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Thanks for the in-depth response.

But it's not just Investors Business Daily (my original link) that's reporting the story as I excerpted it. This is from The Atlantic, a left-wing publication that's not exactly hostile to big government. And it sounds like the law professor they interviewed for the article takes it seriously, although it's always possible that any given law professor doesn't know what he's talking about:

You're standing at the airport. The ticket agent clacks away on the keyboard. She looks up. "I'm sorry," she says. "We can't let you board the plane today." Why? "It's the IRS. They say you haven't paid all of your taxes."

It sounds like the opening scene of a straight-to-DVD Washington thriller. It's actually a few votes from becoming a reality. A new bill, quietly making its way through Congress, allows the federal government to stop people with unpaid taxes from leaving the country-- even if they haven't been charged with tax evasion or any other formal crime.... the bill includes a little-noticed section that allows the State Department to "deny, revoke or limit" passport rights for any taxpayers with "serious delinquencies."

Here's how it would work. If someone owed more than $50,000 in back taxes, the IRS would be able to send their name over to the passport office for suspension, provided that the IRS already either filed a public lien or a assessed a levy for the outstanding balance. The bill does provide a few exceptions though. For example, if a person has set up a payment plan (that they're paying in a timely manner), is legitimately disputing the debt, or has an emergency situation or humanitarian reason and must travel internationally, they may be able to leave for a limited time despite their unpaid taxes.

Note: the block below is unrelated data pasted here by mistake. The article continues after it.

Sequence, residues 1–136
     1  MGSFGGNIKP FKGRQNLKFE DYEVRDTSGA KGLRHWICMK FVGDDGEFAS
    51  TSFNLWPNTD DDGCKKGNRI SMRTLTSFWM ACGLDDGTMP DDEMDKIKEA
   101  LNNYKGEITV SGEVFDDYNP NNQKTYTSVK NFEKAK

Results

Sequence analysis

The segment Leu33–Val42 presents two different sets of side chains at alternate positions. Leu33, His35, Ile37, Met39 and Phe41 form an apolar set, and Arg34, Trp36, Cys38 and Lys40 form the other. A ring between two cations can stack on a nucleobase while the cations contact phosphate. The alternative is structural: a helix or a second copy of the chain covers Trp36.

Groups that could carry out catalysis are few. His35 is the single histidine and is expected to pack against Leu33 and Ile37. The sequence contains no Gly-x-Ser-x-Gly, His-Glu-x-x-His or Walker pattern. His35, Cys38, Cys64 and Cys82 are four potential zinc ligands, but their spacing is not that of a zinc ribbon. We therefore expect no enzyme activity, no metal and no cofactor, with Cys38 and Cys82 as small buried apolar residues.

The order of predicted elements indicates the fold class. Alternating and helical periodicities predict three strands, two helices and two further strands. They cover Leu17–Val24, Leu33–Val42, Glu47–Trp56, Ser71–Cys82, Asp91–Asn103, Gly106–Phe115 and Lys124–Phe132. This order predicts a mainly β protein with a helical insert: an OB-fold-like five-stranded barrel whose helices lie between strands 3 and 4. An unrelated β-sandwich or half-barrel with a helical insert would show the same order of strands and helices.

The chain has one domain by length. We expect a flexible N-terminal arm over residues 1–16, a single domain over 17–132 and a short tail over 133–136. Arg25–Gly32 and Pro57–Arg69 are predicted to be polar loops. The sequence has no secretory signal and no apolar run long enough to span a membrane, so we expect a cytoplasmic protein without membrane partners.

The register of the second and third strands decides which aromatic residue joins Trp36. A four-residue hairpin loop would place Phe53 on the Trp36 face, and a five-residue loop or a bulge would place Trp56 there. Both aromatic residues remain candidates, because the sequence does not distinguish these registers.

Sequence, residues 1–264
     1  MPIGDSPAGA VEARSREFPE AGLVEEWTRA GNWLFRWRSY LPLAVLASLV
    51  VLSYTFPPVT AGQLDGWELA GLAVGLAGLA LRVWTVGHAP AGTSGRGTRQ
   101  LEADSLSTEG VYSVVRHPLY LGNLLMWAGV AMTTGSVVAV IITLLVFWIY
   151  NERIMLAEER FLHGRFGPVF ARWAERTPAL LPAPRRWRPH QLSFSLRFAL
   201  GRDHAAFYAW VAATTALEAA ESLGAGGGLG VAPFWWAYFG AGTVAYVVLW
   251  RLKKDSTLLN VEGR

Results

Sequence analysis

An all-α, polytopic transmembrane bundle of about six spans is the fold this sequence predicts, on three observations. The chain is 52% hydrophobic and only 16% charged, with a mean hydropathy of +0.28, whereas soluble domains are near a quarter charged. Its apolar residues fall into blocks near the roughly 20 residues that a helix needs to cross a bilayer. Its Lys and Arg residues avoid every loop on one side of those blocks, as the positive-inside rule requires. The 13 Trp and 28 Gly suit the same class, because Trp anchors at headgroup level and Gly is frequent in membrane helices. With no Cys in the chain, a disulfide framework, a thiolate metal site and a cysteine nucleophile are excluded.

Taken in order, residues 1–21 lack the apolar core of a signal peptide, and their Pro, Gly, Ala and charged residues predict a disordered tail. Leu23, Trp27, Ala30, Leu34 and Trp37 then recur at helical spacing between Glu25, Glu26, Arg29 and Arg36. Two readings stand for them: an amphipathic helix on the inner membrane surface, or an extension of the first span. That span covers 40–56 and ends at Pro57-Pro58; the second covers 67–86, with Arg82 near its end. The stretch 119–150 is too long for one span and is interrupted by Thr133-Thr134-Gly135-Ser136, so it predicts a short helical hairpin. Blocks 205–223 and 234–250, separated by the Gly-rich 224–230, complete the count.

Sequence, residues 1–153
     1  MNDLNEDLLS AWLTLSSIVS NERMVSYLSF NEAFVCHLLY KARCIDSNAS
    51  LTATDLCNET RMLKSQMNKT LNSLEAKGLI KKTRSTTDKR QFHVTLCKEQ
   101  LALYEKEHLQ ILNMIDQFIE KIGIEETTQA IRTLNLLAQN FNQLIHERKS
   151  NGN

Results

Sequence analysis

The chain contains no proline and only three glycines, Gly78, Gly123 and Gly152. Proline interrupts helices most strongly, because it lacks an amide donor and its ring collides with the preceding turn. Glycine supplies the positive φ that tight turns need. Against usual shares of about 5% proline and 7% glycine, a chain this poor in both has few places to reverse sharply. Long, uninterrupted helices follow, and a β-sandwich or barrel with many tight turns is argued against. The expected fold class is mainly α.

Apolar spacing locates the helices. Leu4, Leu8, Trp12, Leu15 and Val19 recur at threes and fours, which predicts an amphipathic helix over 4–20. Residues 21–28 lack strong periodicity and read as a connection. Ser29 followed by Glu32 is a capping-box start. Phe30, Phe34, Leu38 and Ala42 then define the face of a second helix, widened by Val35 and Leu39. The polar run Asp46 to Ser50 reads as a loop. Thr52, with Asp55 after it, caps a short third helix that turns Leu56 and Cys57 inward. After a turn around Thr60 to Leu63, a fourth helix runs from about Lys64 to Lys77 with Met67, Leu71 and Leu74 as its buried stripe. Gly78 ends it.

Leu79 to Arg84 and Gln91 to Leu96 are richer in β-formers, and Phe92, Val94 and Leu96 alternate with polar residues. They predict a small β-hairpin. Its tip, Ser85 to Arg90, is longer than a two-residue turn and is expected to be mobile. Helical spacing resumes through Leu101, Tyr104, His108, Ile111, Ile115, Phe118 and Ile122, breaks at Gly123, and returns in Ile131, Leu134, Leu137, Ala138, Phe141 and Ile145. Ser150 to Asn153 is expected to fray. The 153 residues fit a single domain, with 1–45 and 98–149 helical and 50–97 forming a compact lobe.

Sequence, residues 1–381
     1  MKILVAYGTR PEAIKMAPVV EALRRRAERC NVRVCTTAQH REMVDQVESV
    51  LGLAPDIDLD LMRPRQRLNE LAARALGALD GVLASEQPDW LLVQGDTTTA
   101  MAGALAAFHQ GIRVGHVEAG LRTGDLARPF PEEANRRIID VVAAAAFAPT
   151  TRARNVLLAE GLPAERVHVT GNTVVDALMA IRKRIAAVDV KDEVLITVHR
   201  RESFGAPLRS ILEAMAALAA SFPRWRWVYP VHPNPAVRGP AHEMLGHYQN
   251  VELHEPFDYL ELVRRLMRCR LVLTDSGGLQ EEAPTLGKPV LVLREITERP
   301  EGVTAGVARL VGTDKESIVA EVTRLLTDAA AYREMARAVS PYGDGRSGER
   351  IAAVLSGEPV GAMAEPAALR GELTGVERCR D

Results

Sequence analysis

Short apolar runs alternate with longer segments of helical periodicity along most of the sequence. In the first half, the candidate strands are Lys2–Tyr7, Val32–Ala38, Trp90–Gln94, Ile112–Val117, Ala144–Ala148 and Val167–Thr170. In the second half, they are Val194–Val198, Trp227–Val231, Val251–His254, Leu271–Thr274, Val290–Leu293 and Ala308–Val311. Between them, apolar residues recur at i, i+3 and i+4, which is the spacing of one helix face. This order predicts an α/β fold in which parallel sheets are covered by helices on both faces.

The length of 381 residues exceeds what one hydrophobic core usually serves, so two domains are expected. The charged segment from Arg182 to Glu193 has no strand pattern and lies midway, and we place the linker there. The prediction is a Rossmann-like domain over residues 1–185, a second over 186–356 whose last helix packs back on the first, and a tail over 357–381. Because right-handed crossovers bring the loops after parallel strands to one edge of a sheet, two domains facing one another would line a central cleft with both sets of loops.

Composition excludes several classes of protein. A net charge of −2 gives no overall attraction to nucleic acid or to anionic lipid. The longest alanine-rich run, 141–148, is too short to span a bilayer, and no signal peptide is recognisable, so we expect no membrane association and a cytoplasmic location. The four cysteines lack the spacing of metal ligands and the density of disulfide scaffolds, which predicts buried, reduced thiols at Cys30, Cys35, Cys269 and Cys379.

Timothy Meyer, a constitutional law professor at the University of Georgia, who's also served as a State Department lawyer, believes that, for all its creepiness, the rule is probably legal. He concludes that if the passport provisions of MAP 21 became law and were challenged, chances are, the courts would find that they satisfy Due Process concerns. Even though there's no judicial hearing before your travel rights are restricted, the bill does protect a passport holder who's challenging the alleged tax debt. And according to Professor Meyer, that's probably enough here.

As far as an American living abroad filing MFS, if it were that easy to avoid the hassles I'm sure someone would have thought of it by now, for example, the attorneys and tax specialists who advise such people. European banks that are dropping American customers due to the IRS compliance hassles won't make an exception for MFS customers. And filing MFS would not eliminate the requirement to report accounts held jointly with a foreign spouse. Or possibly even entirely in the name of the foreign spouse, if other countries have anything like some states' community property laws. Or revealing information about a jointly-owned business the foreign co-owners might wish to keep private.

I can't imagine Wells Fargo closing my Canadian DW's account because the Canadian tax authorities make it too much of a hassle for them to keep it open. Or her still having to pay Canadian taxes on her US income after living here for almost 40 years. We've got a barbaric tax code in that regard.

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